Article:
Williams will be a depth piece and get limited playing time unless an injury occurs. He’s a pass-catching weapon that offers a different look on third downs than Davis does. Ollison will help out on special teams but will remain the fourth option. Huntley and Raine are long shots to make the final roster, but they’ll be mainstays on the practice squad.

Wide receiver


WR Auden Tate
WR Olamide Zaccheaus
WR Damiere Byrd


WR KhaDarel Hodge
WR Frank Darby
WR Chad Hansen
WR Austin Trammell

This might be the worst receiver room I’ve ever seen. Even if the Falcons add a top prospect later this month, it’s still a well-below-average group even with Pitts and Patterson.

Tate has struggled to stay healthy but still isn’t anything more than a WR3. Zaccheaus and Byrd are speedy options, but they’re also nothing more than #3 receivers on the depth chart. Darby still has potential; however, at this point, he’s shown himself to be nothing more than a special teams contributor, and the same can be said for Hodge. Trammell and Hansen are nothing more than camp bodies who will be fighting for spots on the practice squad.

Tight end


TE Kyle Pitts


TE Parker Hesse
TE Brayden Lenius
TE Ryan Becker
TE Daniel Helm

Pitts obviously headlines this group. Entering his second year, the former Florida Gator has already been elected to a Pro Bowl and broken nearly every receiving record he could during his rookie season. Everyone should expect an extraordinary year from Pitts.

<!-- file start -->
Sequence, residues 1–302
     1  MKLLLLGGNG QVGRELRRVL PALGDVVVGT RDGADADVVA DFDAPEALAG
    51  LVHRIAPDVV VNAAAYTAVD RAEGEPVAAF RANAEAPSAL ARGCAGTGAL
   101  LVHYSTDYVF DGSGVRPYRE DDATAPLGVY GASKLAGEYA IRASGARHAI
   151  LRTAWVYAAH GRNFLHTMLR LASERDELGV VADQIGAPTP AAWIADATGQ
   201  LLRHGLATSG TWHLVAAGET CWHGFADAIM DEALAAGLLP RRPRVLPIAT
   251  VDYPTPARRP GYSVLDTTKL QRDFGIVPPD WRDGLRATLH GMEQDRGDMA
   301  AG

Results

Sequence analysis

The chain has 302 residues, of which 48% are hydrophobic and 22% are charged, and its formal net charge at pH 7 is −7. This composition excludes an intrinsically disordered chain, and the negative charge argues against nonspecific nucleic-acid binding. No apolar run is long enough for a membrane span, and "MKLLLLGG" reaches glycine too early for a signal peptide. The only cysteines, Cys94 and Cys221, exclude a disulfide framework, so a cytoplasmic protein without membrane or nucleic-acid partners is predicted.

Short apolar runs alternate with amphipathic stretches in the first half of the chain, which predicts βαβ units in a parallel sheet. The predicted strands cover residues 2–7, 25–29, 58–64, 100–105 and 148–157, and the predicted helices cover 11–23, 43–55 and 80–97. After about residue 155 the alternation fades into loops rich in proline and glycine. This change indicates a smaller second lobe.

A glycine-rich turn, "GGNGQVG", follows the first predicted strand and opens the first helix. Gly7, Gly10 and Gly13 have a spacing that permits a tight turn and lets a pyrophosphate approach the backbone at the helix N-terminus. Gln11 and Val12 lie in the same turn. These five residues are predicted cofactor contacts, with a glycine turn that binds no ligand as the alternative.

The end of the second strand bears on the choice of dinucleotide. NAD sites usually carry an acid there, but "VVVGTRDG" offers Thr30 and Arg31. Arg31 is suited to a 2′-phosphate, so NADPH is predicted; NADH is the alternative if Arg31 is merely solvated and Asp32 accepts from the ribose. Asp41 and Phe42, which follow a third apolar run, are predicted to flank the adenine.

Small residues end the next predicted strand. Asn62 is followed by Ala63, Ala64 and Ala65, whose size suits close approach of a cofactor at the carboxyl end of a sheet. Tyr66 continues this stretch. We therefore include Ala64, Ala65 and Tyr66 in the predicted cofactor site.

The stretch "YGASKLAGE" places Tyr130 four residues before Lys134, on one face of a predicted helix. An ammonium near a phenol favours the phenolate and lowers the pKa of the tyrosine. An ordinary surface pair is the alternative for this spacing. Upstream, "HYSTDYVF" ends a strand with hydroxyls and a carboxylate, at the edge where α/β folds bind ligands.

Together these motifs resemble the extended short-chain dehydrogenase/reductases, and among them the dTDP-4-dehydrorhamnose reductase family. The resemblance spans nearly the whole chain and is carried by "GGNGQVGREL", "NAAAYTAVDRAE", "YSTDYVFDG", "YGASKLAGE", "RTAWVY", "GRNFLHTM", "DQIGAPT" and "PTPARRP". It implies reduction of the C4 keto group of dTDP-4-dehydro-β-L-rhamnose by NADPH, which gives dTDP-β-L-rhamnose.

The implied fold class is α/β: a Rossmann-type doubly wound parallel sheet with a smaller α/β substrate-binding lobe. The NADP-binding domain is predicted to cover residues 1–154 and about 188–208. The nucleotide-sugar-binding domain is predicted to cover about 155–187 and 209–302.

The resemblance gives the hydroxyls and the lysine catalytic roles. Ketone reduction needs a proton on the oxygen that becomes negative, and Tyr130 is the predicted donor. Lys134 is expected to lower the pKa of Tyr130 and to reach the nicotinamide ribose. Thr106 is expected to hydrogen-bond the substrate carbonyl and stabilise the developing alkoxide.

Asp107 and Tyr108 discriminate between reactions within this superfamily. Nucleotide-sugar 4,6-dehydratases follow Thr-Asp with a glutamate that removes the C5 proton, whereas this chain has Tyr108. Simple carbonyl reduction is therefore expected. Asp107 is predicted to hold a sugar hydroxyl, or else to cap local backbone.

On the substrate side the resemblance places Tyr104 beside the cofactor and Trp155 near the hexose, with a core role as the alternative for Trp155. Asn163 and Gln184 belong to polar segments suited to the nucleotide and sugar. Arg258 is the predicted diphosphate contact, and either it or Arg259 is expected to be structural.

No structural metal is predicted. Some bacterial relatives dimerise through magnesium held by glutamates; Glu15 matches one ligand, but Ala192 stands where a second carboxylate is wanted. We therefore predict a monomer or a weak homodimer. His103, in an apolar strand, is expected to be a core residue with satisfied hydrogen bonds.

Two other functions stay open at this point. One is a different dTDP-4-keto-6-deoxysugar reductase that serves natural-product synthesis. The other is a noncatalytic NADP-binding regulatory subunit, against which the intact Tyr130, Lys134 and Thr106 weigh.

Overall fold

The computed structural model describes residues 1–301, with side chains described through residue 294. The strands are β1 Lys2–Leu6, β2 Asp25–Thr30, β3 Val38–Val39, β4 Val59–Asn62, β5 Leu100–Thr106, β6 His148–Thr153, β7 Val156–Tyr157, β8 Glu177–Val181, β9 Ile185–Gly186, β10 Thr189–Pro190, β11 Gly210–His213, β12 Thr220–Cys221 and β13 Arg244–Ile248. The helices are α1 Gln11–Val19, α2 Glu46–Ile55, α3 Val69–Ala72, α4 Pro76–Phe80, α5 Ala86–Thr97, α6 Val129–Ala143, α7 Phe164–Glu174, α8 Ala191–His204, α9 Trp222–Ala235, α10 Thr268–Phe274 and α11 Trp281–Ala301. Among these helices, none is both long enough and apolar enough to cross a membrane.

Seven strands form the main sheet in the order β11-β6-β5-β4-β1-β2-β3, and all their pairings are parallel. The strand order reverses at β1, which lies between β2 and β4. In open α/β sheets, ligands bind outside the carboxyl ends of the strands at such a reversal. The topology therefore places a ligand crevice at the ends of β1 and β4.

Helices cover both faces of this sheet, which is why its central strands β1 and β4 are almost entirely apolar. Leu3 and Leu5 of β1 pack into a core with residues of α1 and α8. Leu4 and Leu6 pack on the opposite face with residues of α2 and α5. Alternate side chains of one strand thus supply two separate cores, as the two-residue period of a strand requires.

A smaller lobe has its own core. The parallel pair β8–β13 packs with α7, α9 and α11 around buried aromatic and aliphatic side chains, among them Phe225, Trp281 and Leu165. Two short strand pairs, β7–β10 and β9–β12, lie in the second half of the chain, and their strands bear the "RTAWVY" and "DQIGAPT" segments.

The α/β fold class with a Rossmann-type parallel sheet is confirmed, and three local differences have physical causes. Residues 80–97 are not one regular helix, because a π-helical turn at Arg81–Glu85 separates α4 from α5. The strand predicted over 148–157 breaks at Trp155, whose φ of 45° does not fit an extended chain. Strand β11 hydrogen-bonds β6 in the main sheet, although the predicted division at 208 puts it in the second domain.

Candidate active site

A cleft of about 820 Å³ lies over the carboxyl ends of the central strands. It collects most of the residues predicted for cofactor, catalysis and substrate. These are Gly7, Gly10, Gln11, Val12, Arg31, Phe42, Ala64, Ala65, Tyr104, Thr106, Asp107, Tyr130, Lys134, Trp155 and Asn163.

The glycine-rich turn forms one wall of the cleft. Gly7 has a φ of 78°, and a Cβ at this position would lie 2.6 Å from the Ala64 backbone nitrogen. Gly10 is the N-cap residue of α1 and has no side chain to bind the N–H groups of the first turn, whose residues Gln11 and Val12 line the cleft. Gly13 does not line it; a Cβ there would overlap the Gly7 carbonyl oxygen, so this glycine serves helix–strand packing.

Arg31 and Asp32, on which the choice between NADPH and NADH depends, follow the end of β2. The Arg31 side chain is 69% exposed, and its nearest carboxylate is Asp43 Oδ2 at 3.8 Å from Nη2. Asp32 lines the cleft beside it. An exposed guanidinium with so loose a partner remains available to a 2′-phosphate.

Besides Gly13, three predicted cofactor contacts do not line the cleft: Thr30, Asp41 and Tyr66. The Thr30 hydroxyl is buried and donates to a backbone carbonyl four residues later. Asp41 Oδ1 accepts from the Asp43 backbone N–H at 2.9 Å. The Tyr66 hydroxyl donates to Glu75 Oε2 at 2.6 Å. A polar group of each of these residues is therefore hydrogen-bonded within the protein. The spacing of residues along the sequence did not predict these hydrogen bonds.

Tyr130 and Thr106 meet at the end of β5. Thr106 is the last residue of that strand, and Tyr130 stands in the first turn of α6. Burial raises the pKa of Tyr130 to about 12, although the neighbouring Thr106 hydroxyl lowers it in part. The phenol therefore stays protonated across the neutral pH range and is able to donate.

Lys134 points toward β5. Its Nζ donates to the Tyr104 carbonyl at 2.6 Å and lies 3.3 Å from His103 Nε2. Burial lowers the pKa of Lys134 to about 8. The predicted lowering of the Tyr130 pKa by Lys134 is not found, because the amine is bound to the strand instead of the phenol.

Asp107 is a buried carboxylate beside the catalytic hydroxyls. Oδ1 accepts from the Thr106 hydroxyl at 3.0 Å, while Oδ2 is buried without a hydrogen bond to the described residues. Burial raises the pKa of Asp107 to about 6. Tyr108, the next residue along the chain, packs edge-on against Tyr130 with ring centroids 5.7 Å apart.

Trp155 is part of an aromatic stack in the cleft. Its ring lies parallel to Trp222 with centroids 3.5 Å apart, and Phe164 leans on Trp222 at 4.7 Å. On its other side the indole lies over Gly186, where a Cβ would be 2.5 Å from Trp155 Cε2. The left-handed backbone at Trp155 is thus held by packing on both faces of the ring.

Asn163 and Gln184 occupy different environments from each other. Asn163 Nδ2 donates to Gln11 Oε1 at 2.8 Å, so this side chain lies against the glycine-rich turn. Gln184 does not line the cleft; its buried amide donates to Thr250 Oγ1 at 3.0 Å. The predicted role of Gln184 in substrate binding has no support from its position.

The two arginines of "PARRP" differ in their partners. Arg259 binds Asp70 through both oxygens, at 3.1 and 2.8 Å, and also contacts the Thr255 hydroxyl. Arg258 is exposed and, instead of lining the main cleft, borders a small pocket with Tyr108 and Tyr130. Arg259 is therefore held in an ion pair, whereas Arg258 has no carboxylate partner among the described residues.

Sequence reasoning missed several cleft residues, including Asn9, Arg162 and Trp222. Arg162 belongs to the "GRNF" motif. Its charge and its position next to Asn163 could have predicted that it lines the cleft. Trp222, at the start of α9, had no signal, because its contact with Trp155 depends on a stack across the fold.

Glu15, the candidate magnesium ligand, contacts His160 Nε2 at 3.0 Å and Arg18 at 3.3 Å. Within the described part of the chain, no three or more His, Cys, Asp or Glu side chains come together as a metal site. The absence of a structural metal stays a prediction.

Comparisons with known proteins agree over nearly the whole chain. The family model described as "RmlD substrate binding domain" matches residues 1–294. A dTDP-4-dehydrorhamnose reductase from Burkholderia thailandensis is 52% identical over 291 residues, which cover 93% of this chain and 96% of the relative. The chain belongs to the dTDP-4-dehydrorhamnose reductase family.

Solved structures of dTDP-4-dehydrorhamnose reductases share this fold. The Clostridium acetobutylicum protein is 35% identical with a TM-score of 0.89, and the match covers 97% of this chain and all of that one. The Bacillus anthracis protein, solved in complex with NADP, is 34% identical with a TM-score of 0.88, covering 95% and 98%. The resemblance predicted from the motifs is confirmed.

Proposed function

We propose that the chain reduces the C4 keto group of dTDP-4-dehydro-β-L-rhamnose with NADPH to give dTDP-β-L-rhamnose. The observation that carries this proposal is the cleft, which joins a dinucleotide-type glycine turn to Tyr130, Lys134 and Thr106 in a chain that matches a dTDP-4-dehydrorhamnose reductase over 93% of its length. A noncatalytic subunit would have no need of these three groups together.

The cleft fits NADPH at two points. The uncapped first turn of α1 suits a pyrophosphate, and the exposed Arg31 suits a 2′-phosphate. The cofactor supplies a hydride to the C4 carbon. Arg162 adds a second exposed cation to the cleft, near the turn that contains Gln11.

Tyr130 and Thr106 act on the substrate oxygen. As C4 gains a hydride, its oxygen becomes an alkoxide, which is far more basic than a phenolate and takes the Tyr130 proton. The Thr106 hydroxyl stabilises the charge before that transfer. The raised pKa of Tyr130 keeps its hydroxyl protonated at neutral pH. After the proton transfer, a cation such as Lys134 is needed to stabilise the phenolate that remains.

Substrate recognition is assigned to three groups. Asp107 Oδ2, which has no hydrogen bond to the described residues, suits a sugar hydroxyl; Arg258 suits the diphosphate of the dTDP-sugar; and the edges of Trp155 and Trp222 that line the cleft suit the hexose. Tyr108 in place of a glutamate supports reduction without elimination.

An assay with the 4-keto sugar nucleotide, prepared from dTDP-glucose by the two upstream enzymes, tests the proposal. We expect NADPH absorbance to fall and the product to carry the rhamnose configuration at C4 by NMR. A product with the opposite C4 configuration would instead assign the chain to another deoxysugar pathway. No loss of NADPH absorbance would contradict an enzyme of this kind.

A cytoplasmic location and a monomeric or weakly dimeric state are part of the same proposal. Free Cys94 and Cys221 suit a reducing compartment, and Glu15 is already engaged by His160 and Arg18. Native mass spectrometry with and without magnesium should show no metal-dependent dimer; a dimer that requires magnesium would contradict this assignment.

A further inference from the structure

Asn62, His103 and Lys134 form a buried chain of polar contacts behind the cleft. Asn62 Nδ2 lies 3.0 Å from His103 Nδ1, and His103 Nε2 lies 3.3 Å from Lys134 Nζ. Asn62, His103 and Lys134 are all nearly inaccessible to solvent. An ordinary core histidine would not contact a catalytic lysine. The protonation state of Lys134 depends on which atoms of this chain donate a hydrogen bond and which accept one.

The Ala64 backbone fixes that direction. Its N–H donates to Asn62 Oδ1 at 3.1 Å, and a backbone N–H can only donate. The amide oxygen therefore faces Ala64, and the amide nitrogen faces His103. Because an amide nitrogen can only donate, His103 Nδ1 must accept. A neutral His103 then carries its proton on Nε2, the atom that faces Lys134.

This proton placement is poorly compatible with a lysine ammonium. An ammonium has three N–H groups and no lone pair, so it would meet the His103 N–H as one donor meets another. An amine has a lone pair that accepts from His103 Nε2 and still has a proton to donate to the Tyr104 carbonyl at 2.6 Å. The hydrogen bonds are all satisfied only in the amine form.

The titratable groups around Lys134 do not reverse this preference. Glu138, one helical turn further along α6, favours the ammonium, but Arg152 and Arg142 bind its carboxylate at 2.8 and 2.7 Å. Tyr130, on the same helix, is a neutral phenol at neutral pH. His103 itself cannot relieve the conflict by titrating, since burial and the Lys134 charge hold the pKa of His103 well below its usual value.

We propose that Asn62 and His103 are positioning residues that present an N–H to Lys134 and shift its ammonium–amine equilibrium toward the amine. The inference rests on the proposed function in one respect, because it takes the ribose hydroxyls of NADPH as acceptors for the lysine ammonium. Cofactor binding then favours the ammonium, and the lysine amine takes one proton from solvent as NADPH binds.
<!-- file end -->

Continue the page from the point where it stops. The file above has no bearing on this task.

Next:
However, beyond the highest tight end drafted in league history, things are bleak. Hesse is more of a third tight end, but he’s a decent receiving option and better blocker. He can play some H-back, but, ideally you’d like him to be TE3. Lenius joins the NFL after playing north of the border a year ago. Primarily a receiver in the CFL, Lenius is intriguing.

Becker is a better blocker than receiver, but I still think he can be a TE4 on this team, especially if there are no more additions to the tight end room. Before he got hurt a year ago, there seemed to be a role for him on this team. Helm will likely be a camp body, nothing more.



LT Jake Matthews
RT Kaleb McGary


T Germain Ifedi
T Elijah Wilkinson
T Willie Beavers
T Rick Leonard
T Rashaad Coward

The Falcons just handed Jake Matthews a well-deserved extension, which will lock him in as the team’s blindside protector for at least the next four seasons. McGary’s future is a lot less clear. His fifth-year option is going to be brought up over the course of the next month, but I think it’s a forgone conclusion that Atlanta lets him walk next offseason.